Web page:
Everybody’s Talking About Jamie
For contemporary audiences, movie musicals tend to have a polarising effect. When the music swells, a character breaks into song, and everyone in the vicinity whips into tightly-choreographed dancing – a viewer is either enthralled, or immediately begins looking for a convenient receptacle into which to throw up.
It’s actually rather difficult not to be swept up in the exuberance of Everybody’s Talking About Jamie. Cynicism doesn’t stand a chance, and melts away amid the onslaught of catchy songs and general optimism in the film adaptation of the stage musical, which was loosely based upon the 2011 BBC documentary: Jamie: Drag Queen at 16.
Jamie New (played with likeable naturalism by newcomer Max Harwood) is a gay 16-year-old living in Sheffield with his bottomless well of support of a mother, Margaret (Sarah Lancashire). Jamie dreams of becoming a drag queen, and is aided in his quest by local drag performer Hugo, AKA Loco Chanelle (a sublime, though underused Richard E Grant). Naturally, not everyone in Jamie’s life champions his ambitions, but this is remedied with a few songs.
The songs themselves are for the most part (rather essentially) memorable, layered, and lyrically interesting, striking the right balance of exposition and aspiration. There are a couple of duds thrown into the mix, which really shouldn’t have survived the editing process. The dialogue between the songs generally sparkles, eliciting regular chuckles, although it’s not immune from occasionally tottering into eye-rolling corniness with its meme-able sentiments.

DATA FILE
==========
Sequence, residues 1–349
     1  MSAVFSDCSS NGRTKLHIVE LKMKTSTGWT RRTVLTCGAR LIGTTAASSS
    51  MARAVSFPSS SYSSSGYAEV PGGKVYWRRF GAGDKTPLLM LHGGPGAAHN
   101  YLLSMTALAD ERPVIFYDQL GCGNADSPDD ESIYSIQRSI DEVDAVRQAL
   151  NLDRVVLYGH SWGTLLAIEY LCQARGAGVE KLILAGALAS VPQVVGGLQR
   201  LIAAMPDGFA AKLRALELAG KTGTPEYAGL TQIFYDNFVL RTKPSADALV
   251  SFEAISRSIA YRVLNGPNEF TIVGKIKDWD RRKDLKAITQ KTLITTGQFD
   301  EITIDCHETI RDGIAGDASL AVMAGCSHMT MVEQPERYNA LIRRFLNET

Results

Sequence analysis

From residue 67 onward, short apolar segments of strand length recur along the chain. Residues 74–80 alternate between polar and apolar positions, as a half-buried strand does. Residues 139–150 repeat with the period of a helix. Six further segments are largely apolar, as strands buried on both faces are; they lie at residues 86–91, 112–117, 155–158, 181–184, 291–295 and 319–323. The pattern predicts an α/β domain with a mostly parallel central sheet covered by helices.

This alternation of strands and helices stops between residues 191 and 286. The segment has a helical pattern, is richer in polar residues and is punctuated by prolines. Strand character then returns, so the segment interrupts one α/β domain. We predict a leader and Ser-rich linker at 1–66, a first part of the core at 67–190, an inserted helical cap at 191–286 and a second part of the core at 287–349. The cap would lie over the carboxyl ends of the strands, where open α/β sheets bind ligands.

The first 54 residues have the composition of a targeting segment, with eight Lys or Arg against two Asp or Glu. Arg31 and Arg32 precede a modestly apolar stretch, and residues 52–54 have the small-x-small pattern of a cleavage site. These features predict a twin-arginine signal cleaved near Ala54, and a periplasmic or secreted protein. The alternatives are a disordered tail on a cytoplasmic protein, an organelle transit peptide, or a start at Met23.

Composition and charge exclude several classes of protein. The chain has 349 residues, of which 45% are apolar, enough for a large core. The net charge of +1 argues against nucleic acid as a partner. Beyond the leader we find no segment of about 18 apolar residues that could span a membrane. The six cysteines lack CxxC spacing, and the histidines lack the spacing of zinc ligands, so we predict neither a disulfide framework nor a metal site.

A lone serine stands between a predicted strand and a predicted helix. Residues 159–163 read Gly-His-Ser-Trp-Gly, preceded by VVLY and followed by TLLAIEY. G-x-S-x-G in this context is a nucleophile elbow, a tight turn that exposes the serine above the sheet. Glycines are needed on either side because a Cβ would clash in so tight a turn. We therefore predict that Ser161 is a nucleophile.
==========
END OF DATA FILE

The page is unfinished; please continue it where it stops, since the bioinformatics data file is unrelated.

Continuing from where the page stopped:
Jamie himself can be prone to bouts of viciousness, which seem to be conjured into existence for no reason other than serving the plot by creating conflict, although this can be explained away by the fact that he is a teenager (and a drag queen to boot). As careers teacher Miss Hedge, Sharon Horgan elevates her underwritten role, even though her reasons for discouraging the boy’s dreams are never truly fleshed out.
As a plucky, defiant outsider who refuses to conform, Jamie’s story could be viewed as a spiritual sequel to Hairspray (or even Billy Elliot). The film isn’t perfect (the climax isn’t as climactic as it should be), and conflicts are resolved with convenient ease, but these blemishes are smashed into submission by the joyous, life-affirming momentum.
Everybody’s Talking About Jamie is released on Amazon Prime Video on 17th September 2021.
Watch the trailer for Everybody’s Talking About Jamie here: